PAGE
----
• Inventory of homes for sale has decreased 1.6%
  • Closed sales are only down 0.9%

A few other statistics worth keeping an eye on each month are days on market, price reductions and the sale-to-list price ratio. While the market isn't necessarily cooling, it is slowing slightly as we enter the winter months.

  • Homes took an average of 43 days to sell in November; 7 days more than in October.
  • More sellers reduced their price before accepting an offer (37% in November compared to 29% in October). 
  • Properties sold, on average, for increasingly less than their asking price; 2.02% below asking in November compared to 0.45% below in October.

For those of you who are visual, here are a few not-so-fancy charts for you:

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what will happen in 2018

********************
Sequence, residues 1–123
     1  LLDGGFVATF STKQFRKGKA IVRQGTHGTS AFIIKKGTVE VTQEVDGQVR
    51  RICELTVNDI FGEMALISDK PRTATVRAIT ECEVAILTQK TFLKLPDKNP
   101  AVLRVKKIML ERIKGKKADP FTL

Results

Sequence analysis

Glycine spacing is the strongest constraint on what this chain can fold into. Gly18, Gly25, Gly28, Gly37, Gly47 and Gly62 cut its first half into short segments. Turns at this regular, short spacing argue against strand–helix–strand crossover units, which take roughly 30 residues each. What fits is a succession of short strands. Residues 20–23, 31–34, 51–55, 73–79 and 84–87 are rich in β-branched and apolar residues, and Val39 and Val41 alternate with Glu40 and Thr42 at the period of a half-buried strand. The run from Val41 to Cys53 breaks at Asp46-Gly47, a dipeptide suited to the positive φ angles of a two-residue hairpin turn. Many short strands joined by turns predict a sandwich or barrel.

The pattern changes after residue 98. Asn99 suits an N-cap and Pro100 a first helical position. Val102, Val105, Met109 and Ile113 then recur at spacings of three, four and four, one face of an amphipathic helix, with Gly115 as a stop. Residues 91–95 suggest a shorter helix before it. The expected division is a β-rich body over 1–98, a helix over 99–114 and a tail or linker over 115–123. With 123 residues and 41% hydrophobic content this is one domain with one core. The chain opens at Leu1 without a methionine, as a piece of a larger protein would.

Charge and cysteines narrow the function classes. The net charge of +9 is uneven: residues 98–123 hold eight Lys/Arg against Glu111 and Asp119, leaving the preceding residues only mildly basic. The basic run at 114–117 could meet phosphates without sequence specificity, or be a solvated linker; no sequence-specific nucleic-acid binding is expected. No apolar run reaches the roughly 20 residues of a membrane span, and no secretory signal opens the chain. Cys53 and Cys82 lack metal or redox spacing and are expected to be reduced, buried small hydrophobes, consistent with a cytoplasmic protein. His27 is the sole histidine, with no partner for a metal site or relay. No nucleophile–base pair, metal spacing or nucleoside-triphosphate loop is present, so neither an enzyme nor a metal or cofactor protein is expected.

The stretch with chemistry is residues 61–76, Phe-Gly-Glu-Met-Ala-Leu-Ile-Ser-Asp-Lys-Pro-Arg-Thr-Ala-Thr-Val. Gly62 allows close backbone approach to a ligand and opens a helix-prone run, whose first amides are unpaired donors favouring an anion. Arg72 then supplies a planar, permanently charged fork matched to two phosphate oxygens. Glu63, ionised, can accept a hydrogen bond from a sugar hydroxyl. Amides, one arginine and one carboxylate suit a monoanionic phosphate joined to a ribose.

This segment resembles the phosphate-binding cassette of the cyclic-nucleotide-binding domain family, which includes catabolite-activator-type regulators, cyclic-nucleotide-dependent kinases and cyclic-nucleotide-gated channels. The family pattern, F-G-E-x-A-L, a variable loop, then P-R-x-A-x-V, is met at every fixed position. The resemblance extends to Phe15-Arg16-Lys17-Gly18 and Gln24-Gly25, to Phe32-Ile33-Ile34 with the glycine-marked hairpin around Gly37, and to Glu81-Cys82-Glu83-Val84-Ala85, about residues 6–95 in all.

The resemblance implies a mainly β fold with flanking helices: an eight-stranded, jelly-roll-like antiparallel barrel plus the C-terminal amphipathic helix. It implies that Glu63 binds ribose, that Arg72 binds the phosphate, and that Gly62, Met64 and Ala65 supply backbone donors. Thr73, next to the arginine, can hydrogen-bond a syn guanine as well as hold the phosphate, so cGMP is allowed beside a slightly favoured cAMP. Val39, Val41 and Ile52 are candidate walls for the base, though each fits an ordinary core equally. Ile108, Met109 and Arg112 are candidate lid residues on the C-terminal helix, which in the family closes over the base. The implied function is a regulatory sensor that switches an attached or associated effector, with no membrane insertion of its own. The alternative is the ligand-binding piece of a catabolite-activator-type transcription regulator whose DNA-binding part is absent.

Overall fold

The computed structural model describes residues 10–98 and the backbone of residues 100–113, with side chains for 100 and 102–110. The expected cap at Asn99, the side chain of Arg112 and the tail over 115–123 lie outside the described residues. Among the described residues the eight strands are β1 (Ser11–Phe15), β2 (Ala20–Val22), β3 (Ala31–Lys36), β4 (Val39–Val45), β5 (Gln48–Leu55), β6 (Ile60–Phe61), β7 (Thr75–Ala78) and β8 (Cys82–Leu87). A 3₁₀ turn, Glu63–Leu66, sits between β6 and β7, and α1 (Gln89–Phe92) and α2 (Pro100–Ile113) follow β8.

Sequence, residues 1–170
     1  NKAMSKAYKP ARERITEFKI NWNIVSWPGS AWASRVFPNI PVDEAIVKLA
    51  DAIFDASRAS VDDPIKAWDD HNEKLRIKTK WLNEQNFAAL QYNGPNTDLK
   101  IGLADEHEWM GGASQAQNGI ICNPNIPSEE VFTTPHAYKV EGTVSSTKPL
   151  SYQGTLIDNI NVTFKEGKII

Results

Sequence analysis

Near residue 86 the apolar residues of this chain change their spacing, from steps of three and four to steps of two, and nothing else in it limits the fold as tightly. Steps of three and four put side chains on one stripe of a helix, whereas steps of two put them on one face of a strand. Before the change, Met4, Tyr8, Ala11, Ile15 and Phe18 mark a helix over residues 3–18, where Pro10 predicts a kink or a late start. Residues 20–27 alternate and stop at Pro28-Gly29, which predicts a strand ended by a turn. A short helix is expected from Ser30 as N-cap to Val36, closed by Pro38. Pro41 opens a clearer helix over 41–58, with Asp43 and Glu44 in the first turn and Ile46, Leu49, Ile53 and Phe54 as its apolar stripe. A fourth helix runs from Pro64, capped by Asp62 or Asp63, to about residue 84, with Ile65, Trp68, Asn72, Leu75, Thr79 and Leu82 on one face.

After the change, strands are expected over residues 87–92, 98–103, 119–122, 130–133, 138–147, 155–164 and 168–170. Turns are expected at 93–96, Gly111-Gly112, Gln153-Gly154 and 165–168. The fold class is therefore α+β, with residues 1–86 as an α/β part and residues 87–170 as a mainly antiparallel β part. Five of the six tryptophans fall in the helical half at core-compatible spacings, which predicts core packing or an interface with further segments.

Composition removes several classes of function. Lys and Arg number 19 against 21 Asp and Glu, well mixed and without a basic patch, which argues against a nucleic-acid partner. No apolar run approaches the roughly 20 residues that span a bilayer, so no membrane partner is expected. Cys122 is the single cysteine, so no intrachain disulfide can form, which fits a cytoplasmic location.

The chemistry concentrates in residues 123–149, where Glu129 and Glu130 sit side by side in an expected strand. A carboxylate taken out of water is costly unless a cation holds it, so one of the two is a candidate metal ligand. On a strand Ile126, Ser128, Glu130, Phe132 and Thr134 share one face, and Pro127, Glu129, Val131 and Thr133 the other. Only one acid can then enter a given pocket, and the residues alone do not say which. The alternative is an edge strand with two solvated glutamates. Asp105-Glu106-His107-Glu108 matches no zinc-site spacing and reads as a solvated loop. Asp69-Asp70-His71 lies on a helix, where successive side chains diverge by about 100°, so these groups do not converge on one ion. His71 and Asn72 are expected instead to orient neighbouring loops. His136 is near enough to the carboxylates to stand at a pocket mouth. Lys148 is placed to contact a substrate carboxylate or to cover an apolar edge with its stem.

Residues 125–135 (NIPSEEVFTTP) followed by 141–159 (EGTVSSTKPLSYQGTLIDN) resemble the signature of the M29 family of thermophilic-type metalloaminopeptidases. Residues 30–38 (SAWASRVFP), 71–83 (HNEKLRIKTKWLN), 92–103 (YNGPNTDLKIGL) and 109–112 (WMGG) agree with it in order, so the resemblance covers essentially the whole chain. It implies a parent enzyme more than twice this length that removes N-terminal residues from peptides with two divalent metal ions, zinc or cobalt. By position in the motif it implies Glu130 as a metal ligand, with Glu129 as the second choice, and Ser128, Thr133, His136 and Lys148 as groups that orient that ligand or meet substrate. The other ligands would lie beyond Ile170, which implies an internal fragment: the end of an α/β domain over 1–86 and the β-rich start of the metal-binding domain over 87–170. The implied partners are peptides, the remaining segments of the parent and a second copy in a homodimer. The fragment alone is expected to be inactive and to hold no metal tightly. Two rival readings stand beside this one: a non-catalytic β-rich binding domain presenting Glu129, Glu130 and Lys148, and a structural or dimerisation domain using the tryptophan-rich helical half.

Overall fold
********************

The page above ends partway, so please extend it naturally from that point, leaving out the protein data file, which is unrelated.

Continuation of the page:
This year's turbulence will likely change housing in 2018. There is no denying that the new political administration, relentless natural disasters, the lowest level of homes for sale and highest prices on record will most certainly have a ripple effect on the housing market.

While there is no guarantee my predictions - and those of many other industry experts - are that prices will soften, inventory will creep up and there will be a shift in housing demand.

Stay tuned for next month's update when I dust off my crystal ball and share my best predictions for the 2018 housing market. I'll leave readers with a few final thoughts though.

Revisiting Liz's Law of Real Estate Gravity, the market will always correct itself at some point towards equilibrium. Buyers and sellers, inventory and prices, and countless other pieces are constantly pushing and pulling one another in an effort to find balance. Just as the market recovered from declining prices of the Great Recession, real estate professionals and economists realize that the housing market will not continue appreciating at this pace forever. Unfortunately, it is difficult to know when the metaphorical stem of the apple will break and hit the market on the head. It is safe to say, however, that the stem is feeling the strain.